Many people know Rose Byrne for her role as Ellen Parsons on Damages for which is nominated for an Emmy award. She currently appears in the heartwarming, quirky film Adam as schoolteacher and children’s book author Beth, a calming influence and love interest for Adam [Hugh Dancy], an engineer with Asperger’s. Beth pulls Adam out of the window (as Jenny McCarthy refers to in her book Louder than Words) but throughout the entire film the pair must decide whether or not the relationship can realistically survive. Adam’s father has recently died and Beth soon becomes his sole support system, something which she ultimately finds too overwhelming. She has a close relationship with her own father (Peter Gallagher) who faces legal issues and Beth must choose between Daddy and her new boyfriend. Dancy creates more than a caricature and does a commendable job as Adam. However debut director (writer) Max Mayer does not push quite far enough in the script and film. The characters could be developed more. Adam is quite intriguing at the beginning and then his quirks and ticks get annoying and he uses his Asperger’s as an excuse at times. The film started to grow too drawn out at times. While Adam strives to prove that those with Asperger’s can function in society with empathy and tolerance, the film left me with more doubts than answers.
Recently, Rose Byrne stopped by the Ritz Carlton in Boston to talk about Adam. Byrne started acting in Australia professionally at 13 and began taking acting classes at eight-years-old. How does she master that American accent? “Growing up watching Alex P. Keaton and Family Ties,” she admitted.
You just came back from India. Did you do any yoga over there?
Byrne: No. I didn’t do any yoga. I desperately tried to find a place to do yoga. You have to be more organized and I wasn’t which was a shame. No, I was just sort of traveling around the country which is incredible if any of you have gone or plan to go. Do go if you get the opportunity. No I wasn’t planning on working. I had just finished working on this show called Damages [as if we hadn’t heard of it or seen it—fan here!] and then the script came and my agents were very encouraging for me to read it and I did and it was really good. This is really a clever, beautiful, moving, heartfelt script with a character that I’ve never been approached to play before. She wasn’t chasing zombies or in a spaceship or running from the end of the world or crying in a tent desperately before she gets attacked. She was a liberated, wonderful, complex woman and she also didn’t take her clothes off in the first five pages. It was really rare to come across something like this. She was a gift, I suppose.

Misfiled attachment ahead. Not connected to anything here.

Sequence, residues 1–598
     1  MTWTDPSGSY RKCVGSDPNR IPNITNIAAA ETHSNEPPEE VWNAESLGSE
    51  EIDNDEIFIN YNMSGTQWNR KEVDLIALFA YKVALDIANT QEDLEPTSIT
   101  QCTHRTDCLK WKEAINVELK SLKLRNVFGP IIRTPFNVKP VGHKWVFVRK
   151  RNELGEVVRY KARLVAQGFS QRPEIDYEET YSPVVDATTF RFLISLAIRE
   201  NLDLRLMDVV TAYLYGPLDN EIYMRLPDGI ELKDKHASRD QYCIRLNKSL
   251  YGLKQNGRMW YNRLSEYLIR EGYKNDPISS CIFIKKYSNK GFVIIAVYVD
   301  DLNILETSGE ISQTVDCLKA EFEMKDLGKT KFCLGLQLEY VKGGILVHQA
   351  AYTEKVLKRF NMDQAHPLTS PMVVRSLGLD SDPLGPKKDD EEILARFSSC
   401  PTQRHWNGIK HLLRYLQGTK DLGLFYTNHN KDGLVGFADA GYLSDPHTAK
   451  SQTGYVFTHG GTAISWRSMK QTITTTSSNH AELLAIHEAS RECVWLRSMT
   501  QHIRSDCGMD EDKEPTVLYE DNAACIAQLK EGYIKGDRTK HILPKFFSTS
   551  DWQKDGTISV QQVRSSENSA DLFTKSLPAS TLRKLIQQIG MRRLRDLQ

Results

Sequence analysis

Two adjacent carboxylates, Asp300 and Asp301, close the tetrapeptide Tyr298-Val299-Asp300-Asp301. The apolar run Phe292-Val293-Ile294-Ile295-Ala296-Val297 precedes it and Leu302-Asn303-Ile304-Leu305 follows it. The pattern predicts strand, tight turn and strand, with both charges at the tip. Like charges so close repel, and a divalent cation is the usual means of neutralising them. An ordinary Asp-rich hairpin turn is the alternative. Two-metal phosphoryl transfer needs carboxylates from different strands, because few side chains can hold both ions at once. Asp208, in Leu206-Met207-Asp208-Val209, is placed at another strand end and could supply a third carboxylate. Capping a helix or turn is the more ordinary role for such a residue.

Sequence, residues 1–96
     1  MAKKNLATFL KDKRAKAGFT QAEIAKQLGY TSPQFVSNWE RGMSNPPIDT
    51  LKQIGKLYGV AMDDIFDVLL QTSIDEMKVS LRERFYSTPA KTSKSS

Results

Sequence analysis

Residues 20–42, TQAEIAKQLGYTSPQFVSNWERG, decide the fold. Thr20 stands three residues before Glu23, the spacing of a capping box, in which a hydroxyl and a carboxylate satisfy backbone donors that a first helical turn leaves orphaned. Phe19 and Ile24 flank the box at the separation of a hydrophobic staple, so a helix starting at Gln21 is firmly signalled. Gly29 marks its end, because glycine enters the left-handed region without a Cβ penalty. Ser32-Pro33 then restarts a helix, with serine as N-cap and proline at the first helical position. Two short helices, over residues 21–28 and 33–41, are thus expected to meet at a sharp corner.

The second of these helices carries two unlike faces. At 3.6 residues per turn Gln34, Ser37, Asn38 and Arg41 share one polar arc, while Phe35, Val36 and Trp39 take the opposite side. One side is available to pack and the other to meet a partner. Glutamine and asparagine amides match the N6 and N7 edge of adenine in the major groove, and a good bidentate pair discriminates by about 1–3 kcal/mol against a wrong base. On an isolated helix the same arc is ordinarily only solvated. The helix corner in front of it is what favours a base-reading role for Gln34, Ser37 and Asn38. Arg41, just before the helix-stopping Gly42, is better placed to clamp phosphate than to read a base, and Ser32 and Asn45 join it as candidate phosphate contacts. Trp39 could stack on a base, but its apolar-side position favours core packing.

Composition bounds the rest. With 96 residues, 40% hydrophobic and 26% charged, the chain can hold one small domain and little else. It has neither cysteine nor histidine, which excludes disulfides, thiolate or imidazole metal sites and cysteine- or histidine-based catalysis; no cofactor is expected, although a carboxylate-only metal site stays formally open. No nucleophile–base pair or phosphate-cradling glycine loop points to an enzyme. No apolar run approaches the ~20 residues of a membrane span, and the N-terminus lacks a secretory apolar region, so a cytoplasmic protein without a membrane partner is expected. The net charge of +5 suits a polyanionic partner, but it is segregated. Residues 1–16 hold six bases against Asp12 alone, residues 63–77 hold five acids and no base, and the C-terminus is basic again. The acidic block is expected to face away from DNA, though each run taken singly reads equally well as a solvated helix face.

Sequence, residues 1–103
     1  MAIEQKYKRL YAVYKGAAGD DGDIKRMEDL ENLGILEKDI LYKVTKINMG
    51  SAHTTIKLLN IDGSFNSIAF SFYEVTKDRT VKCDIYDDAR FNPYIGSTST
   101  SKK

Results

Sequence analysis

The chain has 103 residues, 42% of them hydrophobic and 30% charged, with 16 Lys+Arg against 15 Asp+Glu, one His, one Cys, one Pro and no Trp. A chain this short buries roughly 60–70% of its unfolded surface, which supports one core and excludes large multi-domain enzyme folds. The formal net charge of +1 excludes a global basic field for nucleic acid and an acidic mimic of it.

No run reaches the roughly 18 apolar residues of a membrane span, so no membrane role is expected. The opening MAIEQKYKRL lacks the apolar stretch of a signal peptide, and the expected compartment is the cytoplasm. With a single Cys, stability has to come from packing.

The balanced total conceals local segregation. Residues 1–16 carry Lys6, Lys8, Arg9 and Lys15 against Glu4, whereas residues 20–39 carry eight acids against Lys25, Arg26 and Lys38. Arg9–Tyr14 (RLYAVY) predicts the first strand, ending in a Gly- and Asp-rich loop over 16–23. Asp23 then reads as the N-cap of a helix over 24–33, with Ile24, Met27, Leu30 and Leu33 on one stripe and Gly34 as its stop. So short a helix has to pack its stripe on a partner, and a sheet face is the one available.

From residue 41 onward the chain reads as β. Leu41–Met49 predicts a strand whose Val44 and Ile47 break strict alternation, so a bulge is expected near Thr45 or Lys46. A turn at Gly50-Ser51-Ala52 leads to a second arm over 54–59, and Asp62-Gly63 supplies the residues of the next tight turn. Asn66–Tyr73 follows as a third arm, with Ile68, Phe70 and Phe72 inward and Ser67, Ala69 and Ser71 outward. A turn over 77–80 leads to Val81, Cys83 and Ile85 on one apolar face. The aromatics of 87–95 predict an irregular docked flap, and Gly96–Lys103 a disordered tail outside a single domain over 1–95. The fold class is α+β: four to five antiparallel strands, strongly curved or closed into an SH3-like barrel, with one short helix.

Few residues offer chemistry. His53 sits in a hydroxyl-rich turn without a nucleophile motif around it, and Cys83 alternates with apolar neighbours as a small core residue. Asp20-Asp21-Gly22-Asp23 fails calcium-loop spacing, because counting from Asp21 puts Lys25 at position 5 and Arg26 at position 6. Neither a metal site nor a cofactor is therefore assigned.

When you take something from the written role to the performance, what did you bring to the role?
Byrne: It’s hard for me to be objective about what I myself bring to something but I guess I was definitely given such a gift with her. It was fun to go to a character who was so different in so many different ways. She has a tolerance about her and patience about her which I loved and of course the comedy in it was really fun. That was something that I’ve been wanting to try to do is something lighter and funnier.
What did Hugh bring to the film that surprised you?
Byrne: It’s a remarkable performance. Knowing someone with Asperger’s, he does a beautiful job. It’s very accurate, sensitive to it and yet compelling. Which is a hard thing to do, because we’re making a film, and you want it to be entertaining and all that stuff. And yet he makes you care about someone who’s kind of difficult to access. He does a really good job of that.
Is it hard being on TV and finding good film roles?
Byrne: Well, just schedule-wise because the show takes up 5-6 months of the year. The role I have on Damages is so good and better than most of the film roles out there that I would be getting access to that for me that it was a bit of a no-brainer for me to sign on once I had got the role. And working with Glenn obviously and it’s a very prestigious show. And I myself for one love series. I watch Mad Men. I think TV right now is having a renaissance especially for women.
What do you like best about this film?
Byrne: For a viewer, I guess I thought it was a very truthful story. I think truth is stranger than fiction. It put a fresh take on a romantic comedy as well which is a genre we’ve seen done so much. It always falls into nostalgic, sanctimonious, cheesy crap and it’s completely unrealistic. I thought this was a refreshing and realistic take on it without being boring. It’s a very accessible film.